Elon Musk. Mark Zuckerberg. Jack Ma. These are the names people think of when we talk about disruptive tech businesses. Yet, not many are aware that some technical founders from Japan could be changing the world.
The Land of the Rising Sun, although known to most as a “closed” market, is actually home to one of the most intelligent and competitive tech. Home to “deep learning” – software that learns and creates connections, like the human brain – as well as beautiful and intelligent humanoids, Japan gathers tech geniuses and researchers who work with the belief that computers can discern what data is important and what isn’t.
Japan also tends to be an early adopter of technologies, such as the smart home experience, and is starting to open its doors to the world and embrace tech. Their ability to change the world with their technology and innovative minds should not be undermined – especially with these three technical founders who could be changing the future of global tech.
Katsuaki Sato, CEO, Metaps
Last year at Tech in Asia Tokyo, Katsuaki, a bold visionary, spoke about when to IPO. This came from someone who shocked Japan’s #startup ecosystem with its own announcement to take Metaps public. Metaps’ core product is a marketing automation platform for mobile apps, driving acquisition to monetisation using big-data and machine learning. They’ve done spectacularly well, with 200 million users and 2 billion downloads from around the world.
Katsuaki’s also aiming for the final frontier: space, with the help of artificial intelligence. With a joint research partnership with microsatellite firm Space Shift underway, satellite data will be analysed to make meaningful conclusions on the changes taking place on Earth.
Closer to home, their tech is used for gaming. Working with SEGA Networks, goPlay will aid developers with game publishing in emerging and global markets. Metaps will provide the framework needed to support gaming apps in their marketing and localisation of their product.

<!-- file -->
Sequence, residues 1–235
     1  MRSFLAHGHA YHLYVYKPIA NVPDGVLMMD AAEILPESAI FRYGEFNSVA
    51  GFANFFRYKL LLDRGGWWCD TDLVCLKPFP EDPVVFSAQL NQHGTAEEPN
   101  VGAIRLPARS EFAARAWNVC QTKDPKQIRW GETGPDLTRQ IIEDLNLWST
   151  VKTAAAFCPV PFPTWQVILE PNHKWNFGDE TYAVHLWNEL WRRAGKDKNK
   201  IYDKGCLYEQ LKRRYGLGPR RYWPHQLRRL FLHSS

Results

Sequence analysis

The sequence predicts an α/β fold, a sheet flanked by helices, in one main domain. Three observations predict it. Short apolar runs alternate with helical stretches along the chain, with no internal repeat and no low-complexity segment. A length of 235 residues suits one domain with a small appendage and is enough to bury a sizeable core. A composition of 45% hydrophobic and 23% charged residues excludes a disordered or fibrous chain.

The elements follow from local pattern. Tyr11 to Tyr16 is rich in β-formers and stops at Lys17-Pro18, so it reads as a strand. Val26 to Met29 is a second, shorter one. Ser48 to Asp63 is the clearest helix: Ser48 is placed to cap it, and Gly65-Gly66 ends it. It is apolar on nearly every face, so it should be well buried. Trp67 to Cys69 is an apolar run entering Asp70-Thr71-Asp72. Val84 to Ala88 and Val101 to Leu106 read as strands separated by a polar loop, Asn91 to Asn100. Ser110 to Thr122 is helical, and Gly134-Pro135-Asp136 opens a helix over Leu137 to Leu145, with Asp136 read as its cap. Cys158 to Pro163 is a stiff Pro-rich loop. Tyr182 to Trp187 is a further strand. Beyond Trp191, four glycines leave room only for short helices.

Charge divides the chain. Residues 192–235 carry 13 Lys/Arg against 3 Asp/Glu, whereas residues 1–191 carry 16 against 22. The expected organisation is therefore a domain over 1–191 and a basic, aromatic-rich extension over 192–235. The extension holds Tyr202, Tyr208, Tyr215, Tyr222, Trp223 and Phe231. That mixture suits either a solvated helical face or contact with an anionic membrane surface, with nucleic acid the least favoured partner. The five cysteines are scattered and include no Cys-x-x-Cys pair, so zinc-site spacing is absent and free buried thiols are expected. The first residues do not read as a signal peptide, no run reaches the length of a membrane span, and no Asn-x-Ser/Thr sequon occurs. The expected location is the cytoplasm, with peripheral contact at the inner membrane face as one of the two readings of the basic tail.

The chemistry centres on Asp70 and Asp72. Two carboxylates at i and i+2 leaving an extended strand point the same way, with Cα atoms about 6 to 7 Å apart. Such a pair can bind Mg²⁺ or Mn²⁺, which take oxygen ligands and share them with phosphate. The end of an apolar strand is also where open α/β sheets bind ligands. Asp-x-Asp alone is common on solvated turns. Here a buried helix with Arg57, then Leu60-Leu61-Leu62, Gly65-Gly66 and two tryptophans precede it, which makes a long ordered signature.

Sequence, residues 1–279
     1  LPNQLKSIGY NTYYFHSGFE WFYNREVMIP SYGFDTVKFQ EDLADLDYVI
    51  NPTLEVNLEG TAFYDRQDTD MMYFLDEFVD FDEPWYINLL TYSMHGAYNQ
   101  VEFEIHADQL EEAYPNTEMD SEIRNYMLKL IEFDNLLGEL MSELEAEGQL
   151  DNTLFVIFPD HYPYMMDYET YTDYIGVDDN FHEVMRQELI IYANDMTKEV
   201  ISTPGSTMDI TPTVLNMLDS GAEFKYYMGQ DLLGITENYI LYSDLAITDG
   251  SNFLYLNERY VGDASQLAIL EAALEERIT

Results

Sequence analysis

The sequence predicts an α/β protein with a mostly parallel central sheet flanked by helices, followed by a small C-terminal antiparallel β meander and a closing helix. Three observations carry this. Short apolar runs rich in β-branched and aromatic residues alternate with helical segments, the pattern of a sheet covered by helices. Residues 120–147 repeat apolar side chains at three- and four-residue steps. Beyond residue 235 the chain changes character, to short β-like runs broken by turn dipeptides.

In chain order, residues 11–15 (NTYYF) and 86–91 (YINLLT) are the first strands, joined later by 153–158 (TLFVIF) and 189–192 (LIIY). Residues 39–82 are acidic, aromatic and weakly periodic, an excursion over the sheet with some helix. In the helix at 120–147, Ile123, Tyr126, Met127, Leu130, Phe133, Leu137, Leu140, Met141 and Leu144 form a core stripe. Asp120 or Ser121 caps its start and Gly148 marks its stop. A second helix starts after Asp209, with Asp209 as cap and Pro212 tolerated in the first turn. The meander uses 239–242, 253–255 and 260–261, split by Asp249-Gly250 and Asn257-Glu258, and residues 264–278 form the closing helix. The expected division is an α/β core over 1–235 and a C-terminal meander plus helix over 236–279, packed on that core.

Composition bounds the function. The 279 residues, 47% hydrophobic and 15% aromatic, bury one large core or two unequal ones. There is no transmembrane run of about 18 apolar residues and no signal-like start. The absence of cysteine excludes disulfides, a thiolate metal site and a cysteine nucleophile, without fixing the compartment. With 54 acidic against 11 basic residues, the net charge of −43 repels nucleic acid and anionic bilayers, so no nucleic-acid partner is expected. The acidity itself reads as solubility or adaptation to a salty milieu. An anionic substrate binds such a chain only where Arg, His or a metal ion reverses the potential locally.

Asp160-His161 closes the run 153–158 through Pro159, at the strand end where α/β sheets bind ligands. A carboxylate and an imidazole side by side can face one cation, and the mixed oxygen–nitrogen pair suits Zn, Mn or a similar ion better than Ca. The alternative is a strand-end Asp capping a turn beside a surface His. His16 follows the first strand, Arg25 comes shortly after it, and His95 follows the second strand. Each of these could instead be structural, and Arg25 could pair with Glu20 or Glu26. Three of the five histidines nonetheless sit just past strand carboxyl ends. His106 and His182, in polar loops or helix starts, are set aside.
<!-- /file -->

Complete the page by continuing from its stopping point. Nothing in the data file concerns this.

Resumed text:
Intelligence revolution is changing the game, and Katsuaki is one of those at the forefront of it, both globally and soon, in space.
Toru Nishikawa, CEO, Preferred Networks
By 2020, you might see cars using turn signals and changing lanes perfectly – without a driver. And all these would have been made possible by the help of Toru’s startup. Late last year, world’s largest automaker Toyota acquired a 3 percent stake in Preferred for US$8.2 billion, valuing the latter at US$321.5 million. This investment underscores Toyota’s belief in the startup’s tech in helping the car manufacturer crack the code to its own self-driving cars. Should this partnership bear fruits of success, Toyota would inch ahead of General Motors and Ford in the race for automated driving – and Toru’s startup would be worth more than what it is today.
Toru Nishikawa predicted the rise of big data analysis and found his calling in setting up his startup to shape the future with tech. He’s already started with Nintendo’s smartphone games by partnering with game provider DeNA, and with Fanuc Corp for machines capable of fabricating and fixing other robots.
Simply put, Preferred Networks is a company with substance and innovation you should watch closely.
Yuka Kojima, CEO, Fove
Fancy attending a conference in virtual reality and interacting with founders simply by putting on a headset? Yuka Kojima might make that possible.
In fact, they claim that they are even better than other VR headsets available on the market. Offering interactive eye-tracking, Fove’s VR headsets provide depth of field just like the human eye, allowing for realistic virtual world. This is fueled by Yuka’s belief behind the hardware – she views gaming as a “complex, emotional experience”. Fove offers us a nuanced look into a virtual dimension we’ve never explored, and felt.
Meet these game-changers in the flesh
Space, games, driverless cars, virtual reality. If futurology is right up your alley, you’ll have to meet these three technical founders who are changing the world at Tech in Asia Tokyo 2016, happening soon on September 6 & 7.